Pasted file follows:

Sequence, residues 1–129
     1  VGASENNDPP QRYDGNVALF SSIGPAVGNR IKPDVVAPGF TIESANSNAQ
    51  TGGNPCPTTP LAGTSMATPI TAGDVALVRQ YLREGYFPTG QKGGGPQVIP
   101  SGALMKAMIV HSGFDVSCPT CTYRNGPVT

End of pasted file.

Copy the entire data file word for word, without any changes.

Sequence, residues 1–129
     1  VGASENNDPP QRYDGNVALF SSIGPAVGNR IKPDVVAPGF TIESANSNAQ
    51  TGGNPCPTTP LAGTSMATPI TAGDVALVRQ YLREGYFPTG QKGGGPQVIP
   101  SGALMKAMIV HSGFDVSCPT CTYRNGPVT